Welcome to leadership from the balcony.
My name is Shawn Griesemer with my cohost Justin Dorroh. And each week we bring you a new leadership concept to inspire your growth and effectiveness as a leader in every area of your life.
On today's episode, we're reviewing another resource, mastering leadership, an integrated framework for breakthrough performance and extraordinary business results by Bob Anderson and Bill Adams, cofounders of the leadership circle.
We trust you continue to enjoy this format and today's episode as you join us on the balcony and peer over the railing to gain an expanded leadership perspective.
Today we're talking about Robert Anderson and Bill Adams book mastering leadership, we wholly acknowledge will just be scratching the surface right on this one. It's too much. It's not the hardest read in the world but wow is it full.
Oh, it's a great read but there's a lot of detail. It's amazing.
Yes, and we actually found this book through their 360-assessment leadership assessment tool the leadership circle years ago. It was probably close to 8 to 10 years ago. It was the first time I ever heard about it. I ended up taking the 360 and had a great friend who took me through it. Then we found the book and as we were reading the book, I mean truly I think it was one of the books that opened us up we started reading all the notes at the end of the book and found all these other books. Who they were reading.
That's exactly right. So, this became an entry for us in a lot of ways to a lot of our approach to leadership and how you build culture. And it was tremendous. So anyway, first heard about it because of the Leadership Circle Profile, which we utilize in our business and love it. We think it's an amazing tool. But needless to say, it's a tremendous book. It helped our understanding of leadership. Specifically, the beginnings of starting to understand what's going on in the head of a leader, not just what does leadership look like, but how does the individual come to that role in that position as a leader?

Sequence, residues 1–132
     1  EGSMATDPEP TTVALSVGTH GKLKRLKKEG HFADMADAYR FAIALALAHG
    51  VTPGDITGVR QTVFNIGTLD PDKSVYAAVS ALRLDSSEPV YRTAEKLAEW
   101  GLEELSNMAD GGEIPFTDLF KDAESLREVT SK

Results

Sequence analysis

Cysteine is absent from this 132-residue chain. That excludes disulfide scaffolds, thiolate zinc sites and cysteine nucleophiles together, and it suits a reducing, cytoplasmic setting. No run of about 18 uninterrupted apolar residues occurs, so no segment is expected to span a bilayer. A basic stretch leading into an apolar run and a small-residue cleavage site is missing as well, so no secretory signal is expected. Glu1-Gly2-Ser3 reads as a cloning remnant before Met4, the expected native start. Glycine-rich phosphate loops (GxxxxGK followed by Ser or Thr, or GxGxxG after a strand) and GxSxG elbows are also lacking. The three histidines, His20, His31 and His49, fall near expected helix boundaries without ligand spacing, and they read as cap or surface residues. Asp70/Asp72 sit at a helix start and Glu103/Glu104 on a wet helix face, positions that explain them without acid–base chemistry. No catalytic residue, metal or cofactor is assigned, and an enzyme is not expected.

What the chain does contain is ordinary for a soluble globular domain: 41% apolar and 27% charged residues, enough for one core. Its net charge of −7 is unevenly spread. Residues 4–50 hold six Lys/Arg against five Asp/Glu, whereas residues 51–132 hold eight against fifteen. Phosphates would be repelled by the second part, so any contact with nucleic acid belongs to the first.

That's right. And, you know, from a big picture perspective, leadership isn't just about the practices of leadership, to your point, that it's connected to what's going on inside their head. It's not just the behaviors, but there's a whole world of psychology that's going on under the surface for every leader. And this book, Mastering Leadership, it really does go into the psychological development of a leader and the outcomes that correspond with those levels of development. In a lot of ways, I think for us, it gave us language and it gave us examples of what does it look like to really understand what's happening inside of a leader that causes them to do what they do on the outside. The way they talk about it is it's learning how to run the inner game of leadership because that inner game impacts the outer game.
Yeah, and it was so funny. I don't know that ever in my life have I thought about or been concerned about psychology until we started reading this stuff. And it just became fascinating.
Well, so the book starts, if you were to really outline what's going on, they're looking at leadership, associated expectations, and, you know, a couple of the quotes that are great in the book, how can leaders discover the explicit and the implicit expectations that people have of them? And what they do in that work is they really bring out you have to ask. And can I just say, though that sounds so elementary, it rarely happens.
Rarely. It is remarkable.
In all of the coaching work I've done, I would say the most common, I won't say it happens with everybody, but one of the most common questions I ask is, well, have you asked them?
Right. And the answer usually is, no.
Exactly. And the conclusions that somebody has drawn are their own. And it really gets into the importance of that, realizing that you have your own thoughts and perspectives, and they usually are only your own.